I am thankful for a few good recent snow storms in my neighborhood, which inspired this painting. The house on the right seems to be a “second home”; the light is never on, and there is hardly any sign of life other than an occasional pileated woodpecker in that big old oak tree. On one night in July this year, this place was rockin with about 40 strong, and that was the only time I have ever seen a human soul here. I could be totally off the mark of course, as this might be the residence of Count Dracula. No, perhaps it’s Xavier’s School for Gifted Youngsters. Oh, I guess I’ll never know.

The photograph above of Spiderman’s Aunt’s place left a bit of room for painting imagination….

At Home On Mine Brook

Art, New Jersey, Outdoor Adventure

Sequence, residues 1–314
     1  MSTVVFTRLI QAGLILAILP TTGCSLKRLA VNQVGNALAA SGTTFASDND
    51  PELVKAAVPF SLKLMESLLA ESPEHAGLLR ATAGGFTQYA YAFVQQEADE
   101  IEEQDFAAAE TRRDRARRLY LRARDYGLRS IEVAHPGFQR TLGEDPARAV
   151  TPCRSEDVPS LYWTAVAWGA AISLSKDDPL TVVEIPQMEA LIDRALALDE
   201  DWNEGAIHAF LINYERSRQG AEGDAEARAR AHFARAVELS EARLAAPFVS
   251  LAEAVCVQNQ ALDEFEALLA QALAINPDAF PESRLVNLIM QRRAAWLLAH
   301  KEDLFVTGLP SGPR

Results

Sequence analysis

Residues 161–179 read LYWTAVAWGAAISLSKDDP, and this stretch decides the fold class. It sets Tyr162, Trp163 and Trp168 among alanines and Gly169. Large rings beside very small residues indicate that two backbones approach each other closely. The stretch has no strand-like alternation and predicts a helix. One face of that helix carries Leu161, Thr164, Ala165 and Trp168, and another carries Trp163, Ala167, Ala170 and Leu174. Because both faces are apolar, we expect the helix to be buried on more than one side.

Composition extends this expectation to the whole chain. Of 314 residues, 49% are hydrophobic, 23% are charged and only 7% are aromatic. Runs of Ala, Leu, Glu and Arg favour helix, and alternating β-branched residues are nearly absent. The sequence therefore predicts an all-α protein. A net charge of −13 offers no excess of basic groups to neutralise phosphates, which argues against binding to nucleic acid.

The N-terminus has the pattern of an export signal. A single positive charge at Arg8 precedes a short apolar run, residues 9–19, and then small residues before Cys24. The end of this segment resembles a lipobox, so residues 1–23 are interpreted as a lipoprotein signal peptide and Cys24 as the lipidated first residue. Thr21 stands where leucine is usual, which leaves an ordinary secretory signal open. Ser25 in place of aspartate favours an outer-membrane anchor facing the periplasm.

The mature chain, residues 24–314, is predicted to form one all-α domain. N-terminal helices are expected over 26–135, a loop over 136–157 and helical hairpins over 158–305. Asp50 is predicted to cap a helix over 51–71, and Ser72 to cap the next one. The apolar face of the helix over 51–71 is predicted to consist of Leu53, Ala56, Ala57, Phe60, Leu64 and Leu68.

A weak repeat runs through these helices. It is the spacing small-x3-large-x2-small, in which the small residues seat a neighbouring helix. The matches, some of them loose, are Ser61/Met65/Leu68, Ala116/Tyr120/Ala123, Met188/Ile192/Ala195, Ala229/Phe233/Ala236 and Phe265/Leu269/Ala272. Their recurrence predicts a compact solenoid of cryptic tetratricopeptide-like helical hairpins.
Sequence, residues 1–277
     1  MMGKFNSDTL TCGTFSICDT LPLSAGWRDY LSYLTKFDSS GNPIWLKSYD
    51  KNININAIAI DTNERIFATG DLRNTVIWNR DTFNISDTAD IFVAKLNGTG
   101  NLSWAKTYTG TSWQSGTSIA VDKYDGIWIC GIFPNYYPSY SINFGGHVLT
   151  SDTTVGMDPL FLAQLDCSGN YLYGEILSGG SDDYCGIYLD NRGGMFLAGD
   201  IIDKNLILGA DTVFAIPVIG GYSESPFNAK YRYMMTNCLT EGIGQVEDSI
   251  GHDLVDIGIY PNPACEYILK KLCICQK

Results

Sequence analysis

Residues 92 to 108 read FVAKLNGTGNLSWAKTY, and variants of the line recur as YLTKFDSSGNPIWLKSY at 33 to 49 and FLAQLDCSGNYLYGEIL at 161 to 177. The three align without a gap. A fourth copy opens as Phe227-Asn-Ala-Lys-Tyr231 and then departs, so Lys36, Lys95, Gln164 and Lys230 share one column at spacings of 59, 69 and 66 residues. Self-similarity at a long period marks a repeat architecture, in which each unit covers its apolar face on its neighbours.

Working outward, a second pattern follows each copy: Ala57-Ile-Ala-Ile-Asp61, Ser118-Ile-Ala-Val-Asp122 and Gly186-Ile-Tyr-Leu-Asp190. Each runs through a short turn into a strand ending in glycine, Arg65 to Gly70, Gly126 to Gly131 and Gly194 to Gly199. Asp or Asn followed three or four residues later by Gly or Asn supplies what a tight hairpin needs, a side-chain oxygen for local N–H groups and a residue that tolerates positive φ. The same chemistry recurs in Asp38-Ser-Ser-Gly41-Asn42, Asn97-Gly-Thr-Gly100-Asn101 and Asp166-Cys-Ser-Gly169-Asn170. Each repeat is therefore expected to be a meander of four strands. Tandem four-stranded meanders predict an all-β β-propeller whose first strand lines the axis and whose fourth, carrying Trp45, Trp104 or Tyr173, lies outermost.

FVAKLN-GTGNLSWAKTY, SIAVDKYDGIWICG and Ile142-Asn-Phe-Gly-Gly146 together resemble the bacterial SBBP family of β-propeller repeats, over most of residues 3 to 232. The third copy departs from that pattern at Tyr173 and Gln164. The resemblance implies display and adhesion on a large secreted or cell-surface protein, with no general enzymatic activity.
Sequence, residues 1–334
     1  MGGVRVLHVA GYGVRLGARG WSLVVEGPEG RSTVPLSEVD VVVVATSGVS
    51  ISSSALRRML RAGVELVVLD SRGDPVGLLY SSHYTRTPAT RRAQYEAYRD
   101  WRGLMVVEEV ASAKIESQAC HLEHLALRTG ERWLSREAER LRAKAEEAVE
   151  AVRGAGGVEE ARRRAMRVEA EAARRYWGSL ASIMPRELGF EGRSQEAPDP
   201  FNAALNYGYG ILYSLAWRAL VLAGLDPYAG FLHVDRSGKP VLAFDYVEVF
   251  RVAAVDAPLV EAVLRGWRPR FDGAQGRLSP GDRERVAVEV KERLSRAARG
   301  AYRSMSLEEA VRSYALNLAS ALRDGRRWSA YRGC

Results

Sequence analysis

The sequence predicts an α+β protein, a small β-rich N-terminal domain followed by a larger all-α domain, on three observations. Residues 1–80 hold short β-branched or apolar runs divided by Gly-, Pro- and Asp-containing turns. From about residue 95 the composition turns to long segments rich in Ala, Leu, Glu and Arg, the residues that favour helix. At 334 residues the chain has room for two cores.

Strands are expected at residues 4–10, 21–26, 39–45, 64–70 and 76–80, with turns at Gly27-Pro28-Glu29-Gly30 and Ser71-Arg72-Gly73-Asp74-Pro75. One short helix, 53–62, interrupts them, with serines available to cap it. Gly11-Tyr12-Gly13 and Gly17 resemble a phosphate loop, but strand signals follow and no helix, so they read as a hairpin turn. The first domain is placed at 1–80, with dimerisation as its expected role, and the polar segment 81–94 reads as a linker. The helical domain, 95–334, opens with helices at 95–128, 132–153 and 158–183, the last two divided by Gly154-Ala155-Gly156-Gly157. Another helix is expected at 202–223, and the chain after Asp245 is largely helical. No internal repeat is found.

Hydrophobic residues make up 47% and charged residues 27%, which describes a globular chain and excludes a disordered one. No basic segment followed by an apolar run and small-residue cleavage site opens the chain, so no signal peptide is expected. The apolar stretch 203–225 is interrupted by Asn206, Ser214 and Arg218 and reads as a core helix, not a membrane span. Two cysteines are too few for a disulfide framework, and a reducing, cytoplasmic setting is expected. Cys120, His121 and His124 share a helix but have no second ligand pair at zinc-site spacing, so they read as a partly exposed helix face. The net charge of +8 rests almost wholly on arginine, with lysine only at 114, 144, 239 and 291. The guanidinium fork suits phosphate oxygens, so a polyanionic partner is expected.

Mine Brook (above) is a brook that runs parallel (for a while) with the street I live on (today), and flows into the North Branch of the Raritan River. Attempting to re-create a place that is local is always more special than doing a scene that I have traveled to once (or twice), especially, if I don’t consider that landscape “home”. For instance, looking at a painting of a desert may not resonate with me the way it would with a resident of a desert landscape. I’m accustomed to hardwood trees like oak, maple, and hickory; rivers, streams, and slight rocky elevations (Piedmont); fields, swamps, and marshes in the lowlands. These types of landscape characteristics have engrained themselves in me as signs of home. This is not to say that people can’t find a new home in a new landscape. The painting of Mine Brook is embellished, of course, as it is the artist’s responsibility. In reality, the brook is more like a tiny trickle, which gives the impression that it will dry up by next morning. Yet, it continues to trickle on and after a good rain the brook comes alive with a strong steady flow once again…